International Journal of Antennas and Propagation

Volume 2012 (2012), Article ID 803617, 6 pages

http://dx.doi.org/10.1155/2012/803617

## Angle of Arrival Estimation Using Cholesky Decomposition

Electrical Engineering Department, University of Ha'il, Ha'il 81451, Saudi Arabia

Received 23 November 2011; Revised 22 February 2012; Accepted 5 March 2012

Academic Editor: Stefano Selleri

Copyright © 2012 Saleh O. Al-Jazzar. This is an open access article distributed under the Creative Commons Attribution License, which permits unrestricted use, distribution, and reproduction in any medium, provided the original work is properly cited.

#### Abstract

An angle of arrival (AOA) estimator is presented. Many applications require accurate AOA estimates such as wireless positioning and signal enhancement using space-processing techniques. The proposed AOA estimator depends on the Cholesky decomposition of the received signal autocorrelation matrix. The resultant decomposed matrices are used to modify the crosscorrelation matrix of the received signals at the antenna array doublets. The proposed method is named the Cholesky-decomposition-based-AOA (CDBA) estimator. In comparison with the TLS-ESPRIT algorithm which utilizes the eigenvalue decomposition (EVD) of the received signal autocorrelation and crosscorrelation matrices, the CDBA method has better performance than the TLS-ESPRIT algorithm especially in low signal-to-noise-ratio (SNR) cases. Simulations for the proposed CDBA method are shown to assess its performance.

#### 1. Introduction

Accurate estimation of the received signal angle of arrival (AOA) can be very beneficial for signal reception enhancement [1, 2] and wireless positioning [3, 4]. If the AOA estimates were not estimated accurately, then wireless devices would not be located accurately or the received signal bit error rate would be high. Thus, AOA estimators are developed and modified in such cases to increase their accuracy.

Many AOA estimators were proposed in the literature [5–9]. The authors in [5] present an iterative method to estimate the AOA. In [6], the authors propose estimating the AOA using the frequency domain of the received signals which requires taking their Fourier transform. The authors in [7] introduce an iterative AOA estimator which depends on the generalized expectation maximization algorithm. In [8], the authors present an AOA estimator for circular arrays. Another very popular AOA estimator is the TLS-ESPRIT algorithm proposed in [9] which utilizes subspace techniques to estimate the AOA.

In this paper, an AOA estimator is proposed which enhances the AOA estimation. The proposed method is named the Cholesky-decomposition-based-AOA (CDBA) estimator. The CDBA method utilizes the received signal at the two sides of the antenna array doublets. An autocorrelation matrix of the received signal at one side of the antenna array doublets is calculated. Then, the received signal autocorrelation matrix is decomposed using the Cholesky decomposition. A crosscorrelation matrix between the received signals at both sides of the antenna doublets is calculated. The decomposed matrices of the autocorrelation matrix together with the crosscorrelation matrix are used to form a new matrix from which the AOAs are estimated.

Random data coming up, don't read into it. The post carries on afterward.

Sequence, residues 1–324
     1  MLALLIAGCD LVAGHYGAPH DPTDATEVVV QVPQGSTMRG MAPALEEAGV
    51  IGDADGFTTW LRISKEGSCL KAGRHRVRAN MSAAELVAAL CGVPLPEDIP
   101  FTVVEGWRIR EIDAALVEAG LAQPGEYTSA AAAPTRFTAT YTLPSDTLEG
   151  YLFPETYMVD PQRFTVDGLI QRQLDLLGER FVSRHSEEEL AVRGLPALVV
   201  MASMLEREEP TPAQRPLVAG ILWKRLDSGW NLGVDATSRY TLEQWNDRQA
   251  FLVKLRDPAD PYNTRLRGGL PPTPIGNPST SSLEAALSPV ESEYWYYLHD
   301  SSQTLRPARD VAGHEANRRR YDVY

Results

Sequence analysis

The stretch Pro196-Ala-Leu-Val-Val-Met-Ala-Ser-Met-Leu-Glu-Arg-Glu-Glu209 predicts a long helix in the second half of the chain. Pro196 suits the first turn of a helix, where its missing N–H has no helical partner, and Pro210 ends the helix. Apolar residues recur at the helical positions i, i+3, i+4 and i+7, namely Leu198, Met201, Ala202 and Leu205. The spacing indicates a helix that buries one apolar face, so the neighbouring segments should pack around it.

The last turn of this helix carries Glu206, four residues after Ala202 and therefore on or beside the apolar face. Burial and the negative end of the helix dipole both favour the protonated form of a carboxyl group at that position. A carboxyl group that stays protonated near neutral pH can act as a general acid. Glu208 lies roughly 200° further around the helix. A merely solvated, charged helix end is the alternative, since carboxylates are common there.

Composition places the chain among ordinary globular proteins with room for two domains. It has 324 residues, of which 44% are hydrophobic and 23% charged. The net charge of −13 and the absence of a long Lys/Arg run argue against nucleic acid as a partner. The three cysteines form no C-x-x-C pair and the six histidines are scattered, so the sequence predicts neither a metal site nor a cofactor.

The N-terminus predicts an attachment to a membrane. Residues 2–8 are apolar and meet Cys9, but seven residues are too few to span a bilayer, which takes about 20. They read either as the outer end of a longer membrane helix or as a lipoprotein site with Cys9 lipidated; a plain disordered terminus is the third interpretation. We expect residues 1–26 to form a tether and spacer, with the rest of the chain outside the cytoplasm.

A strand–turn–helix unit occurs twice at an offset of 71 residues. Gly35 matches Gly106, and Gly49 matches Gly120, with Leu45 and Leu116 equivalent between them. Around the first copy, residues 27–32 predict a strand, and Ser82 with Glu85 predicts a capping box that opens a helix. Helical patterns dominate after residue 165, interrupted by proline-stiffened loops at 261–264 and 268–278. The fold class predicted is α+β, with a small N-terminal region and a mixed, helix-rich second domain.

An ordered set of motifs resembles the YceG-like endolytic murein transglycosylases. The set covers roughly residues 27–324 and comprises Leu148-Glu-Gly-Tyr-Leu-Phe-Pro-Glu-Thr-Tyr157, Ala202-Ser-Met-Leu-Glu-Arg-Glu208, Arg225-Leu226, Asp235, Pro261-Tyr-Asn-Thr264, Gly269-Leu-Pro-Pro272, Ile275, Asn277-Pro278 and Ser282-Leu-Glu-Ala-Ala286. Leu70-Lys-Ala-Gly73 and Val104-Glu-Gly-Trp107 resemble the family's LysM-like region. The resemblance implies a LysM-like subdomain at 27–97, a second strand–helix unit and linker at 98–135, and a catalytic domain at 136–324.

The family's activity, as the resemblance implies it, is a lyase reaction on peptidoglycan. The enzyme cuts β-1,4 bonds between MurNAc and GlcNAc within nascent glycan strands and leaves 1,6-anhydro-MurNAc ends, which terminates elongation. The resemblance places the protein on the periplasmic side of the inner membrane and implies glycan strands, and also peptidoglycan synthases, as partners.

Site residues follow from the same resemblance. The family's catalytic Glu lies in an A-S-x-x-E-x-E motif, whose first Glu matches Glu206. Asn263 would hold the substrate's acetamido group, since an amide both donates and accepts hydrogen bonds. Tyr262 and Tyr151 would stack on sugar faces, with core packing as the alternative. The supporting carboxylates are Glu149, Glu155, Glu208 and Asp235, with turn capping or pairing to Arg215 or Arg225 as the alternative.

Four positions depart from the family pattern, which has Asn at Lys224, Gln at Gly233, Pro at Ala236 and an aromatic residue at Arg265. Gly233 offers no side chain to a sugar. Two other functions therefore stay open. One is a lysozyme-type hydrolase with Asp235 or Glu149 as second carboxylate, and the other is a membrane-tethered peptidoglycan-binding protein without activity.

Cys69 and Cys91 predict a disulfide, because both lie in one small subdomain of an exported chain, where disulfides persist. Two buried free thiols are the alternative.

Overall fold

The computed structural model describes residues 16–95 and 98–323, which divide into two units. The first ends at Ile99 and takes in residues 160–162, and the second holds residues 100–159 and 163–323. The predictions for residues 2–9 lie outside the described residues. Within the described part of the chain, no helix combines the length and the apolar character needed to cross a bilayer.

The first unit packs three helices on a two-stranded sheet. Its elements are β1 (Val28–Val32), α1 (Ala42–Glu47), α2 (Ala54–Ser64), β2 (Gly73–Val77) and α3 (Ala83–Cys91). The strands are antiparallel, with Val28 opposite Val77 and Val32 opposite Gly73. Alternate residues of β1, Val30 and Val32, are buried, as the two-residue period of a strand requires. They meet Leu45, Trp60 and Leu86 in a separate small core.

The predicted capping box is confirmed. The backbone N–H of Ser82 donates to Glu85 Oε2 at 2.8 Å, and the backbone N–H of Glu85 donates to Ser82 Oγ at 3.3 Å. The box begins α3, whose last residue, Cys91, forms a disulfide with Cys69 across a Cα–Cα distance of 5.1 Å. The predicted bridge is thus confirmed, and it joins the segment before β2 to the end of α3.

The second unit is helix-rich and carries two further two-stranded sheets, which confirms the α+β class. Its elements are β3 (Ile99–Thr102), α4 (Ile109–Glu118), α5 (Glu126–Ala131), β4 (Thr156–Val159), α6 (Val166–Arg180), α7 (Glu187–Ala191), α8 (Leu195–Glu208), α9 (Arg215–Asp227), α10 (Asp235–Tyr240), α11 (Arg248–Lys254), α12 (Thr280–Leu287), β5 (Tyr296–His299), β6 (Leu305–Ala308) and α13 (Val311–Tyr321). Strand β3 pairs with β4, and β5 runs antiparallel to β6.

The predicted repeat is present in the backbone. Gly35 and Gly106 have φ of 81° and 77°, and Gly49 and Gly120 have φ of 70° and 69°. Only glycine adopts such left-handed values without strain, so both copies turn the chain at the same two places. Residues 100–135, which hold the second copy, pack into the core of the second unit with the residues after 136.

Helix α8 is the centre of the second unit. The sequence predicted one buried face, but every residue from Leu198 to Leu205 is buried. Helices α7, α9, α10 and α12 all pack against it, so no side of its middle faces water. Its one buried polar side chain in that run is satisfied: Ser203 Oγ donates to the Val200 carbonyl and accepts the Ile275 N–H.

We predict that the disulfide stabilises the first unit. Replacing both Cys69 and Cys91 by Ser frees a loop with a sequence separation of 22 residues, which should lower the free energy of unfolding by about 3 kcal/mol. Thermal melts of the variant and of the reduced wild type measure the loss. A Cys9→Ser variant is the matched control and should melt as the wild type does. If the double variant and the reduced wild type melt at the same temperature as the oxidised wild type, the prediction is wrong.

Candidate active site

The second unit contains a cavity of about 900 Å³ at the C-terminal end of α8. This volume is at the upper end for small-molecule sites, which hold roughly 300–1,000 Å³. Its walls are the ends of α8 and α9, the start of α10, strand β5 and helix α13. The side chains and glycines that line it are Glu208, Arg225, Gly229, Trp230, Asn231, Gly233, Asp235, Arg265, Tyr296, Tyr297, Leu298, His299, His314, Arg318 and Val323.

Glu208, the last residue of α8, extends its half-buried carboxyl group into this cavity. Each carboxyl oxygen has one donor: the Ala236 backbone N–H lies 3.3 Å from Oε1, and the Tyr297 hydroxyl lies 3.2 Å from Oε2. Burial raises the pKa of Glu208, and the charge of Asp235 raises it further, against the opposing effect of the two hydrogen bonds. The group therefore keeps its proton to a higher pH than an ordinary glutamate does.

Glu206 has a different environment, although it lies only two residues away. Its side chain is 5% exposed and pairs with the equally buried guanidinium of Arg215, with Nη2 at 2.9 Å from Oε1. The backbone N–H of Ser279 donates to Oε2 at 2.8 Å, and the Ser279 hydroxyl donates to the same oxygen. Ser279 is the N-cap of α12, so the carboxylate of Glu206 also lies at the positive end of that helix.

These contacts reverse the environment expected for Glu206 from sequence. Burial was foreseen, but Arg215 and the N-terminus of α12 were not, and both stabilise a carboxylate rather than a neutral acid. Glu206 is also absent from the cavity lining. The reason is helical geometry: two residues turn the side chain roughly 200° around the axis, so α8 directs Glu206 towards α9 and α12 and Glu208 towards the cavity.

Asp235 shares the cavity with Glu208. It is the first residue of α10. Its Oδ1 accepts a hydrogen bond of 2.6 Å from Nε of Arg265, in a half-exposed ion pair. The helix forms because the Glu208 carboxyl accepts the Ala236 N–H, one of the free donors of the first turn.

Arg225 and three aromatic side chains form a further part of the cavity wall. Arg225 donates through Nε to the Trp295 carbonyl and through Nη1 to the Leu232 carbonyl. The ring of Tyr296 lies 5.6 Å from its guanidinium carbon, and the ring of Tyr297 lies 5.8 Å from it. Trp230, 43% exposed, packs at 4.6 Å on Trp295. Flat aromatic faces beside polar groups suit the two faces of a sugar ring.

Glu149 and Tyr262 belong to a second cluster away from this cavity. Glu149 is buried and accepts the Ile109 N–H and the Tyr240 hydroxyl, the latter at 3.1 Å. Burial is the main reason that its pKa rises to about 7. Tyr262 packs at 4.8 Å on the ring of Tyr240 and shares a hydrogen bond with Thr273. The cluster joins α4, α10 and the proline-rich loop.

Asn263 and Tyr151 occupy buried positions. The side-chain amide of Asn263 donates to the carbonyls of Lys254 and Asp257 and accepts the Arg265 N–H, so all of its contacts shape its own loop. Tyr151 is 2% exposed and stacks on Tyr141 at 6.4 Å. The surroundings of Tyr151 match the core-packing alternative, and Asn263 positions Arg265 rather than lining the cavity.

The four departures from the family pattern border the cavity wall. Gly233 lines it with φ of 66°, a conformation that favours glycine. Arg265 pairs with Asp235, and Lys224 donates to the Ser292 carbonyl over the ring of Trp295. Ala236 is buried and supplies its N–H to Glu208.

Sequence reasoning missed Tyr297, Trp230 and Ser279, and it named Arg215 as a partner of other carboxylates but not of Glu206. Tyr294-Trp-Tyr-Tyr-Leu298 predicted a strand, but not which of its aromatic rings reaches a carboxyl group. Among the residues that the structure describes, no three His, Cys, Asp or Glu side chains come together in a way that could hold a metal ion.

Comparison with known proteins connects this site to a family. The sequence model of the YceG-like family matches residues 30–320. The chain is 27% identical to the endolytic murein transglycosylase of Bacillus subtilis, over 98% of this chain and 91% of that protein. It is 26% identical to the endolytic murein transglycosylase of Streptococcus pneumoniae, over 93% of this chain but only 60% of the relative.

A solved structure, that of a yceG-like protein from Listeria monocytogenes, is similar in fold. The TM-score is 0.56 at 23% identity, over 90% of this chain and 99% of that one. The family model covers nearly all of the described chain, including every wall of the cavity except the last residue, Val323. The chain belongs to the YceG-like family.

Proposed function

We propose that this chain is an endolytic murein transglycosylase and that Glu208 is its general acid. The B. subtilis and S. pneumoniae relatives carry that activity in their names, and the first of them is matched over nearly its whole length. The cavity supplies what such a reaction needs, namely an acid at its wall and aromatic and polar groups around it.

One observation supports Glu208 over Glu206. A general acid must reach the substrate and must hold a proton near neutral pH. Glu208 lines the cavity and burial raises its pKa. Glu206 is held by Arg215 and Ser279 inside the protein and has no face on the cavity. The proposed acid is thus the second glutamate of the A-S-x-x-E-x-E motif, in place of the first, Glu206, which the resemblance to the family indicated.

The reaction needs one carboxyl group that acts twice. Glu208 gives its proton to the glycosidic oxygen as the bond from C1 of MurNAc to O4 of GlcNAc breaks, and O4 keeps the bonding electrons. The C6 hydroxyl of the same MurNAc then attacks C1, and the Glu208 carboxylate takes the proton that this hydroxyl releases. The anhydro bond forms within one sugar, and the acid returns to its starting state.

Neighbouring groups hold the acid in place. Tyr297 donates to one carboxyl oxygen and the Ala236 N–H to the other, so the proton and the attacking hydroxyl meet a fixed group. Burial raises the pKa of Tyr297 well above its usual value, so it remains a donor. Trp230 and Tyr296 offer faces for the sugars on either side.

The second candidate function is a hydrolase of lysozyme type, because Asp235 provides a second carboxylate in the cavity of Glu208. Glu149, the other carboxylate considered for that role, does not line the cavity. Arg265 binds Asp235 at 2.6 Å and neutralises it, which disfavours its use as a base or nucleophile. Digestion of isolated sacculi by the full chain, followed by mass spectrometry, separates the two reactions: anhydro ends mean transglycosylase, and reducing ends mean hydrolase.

The CDBA method does not require taking the Fourier transform of the received signals nor it requires any iterative or searching procedure to estimate the AOA. Also, in comparison with the well-known TLS-ESPRIT algorithm of [9], the accuracy of the CDBA method is higher than that of the TLS-ESPRIT method especially in low signal-to-noise-ratio (SNR) cases.

The paper is organized as follows: Section 2 introduces the system model that forms the foundation for the proposed estimator. The proposed CDBA estimator is presented in Section 3. Section 4 presents the simulated performance of the CDBA estimator. Finally, conclusions are shown in Section 5.

#### 2. System Model

This section presents the narrowband received signal model that will be utilized for the AOA estimation. The antenna array is formed from uniform antenna doublets (i.e., total antenna elements). Each antenna doublet is formed of two antenna elements spaced by a distance . We assume a BPSK sources signals, , impinging upon the antenna array. The signal is represented as , where is the carrier frequency , is an integer which represents the time index and is the complex low-pass equivalent of , is the symbol period, , where is discrete which represents the symbol parity and is a positive constant which represents the amplitude of , and is the (raised cosine) pulse-shaping function with where is an integer so that .

The AOA is taken between the antenna array axis, and the source signal arrival direction and will be given the notation . In this paper, the superscript notation is used to denote the estimated value of a variable (for example is the estimated value of ). So, to start developing the received signal model, let us first consider the sampled received signal at the antenna elements (after the matched filter stage), from to , that are located in the first side of the antenna doublets, and let us call it , and is represented as where where is the signal wavelength, and is the distance between consecutive antenna elements. In addition, is the noise vector added to the received signal at the antenna elements (from ) located along the first side of the antenna doublets, which is additive white Gaussian noise (AWGN) and has a covariance matrix of , where is the identity matrix. Finally, represents the transpose operation.

The received signal vector at the first side of the antenna doublets set can be written in matrix form as where From now on the term will be dropped from all terms for simplicity.

The received signal vector at the second side of the antenna doublets set will be given the notation . Thus, where is an AWGN vector at the second side of the antenna array doublets, and with Next section will describe the proposed CDBA estimator.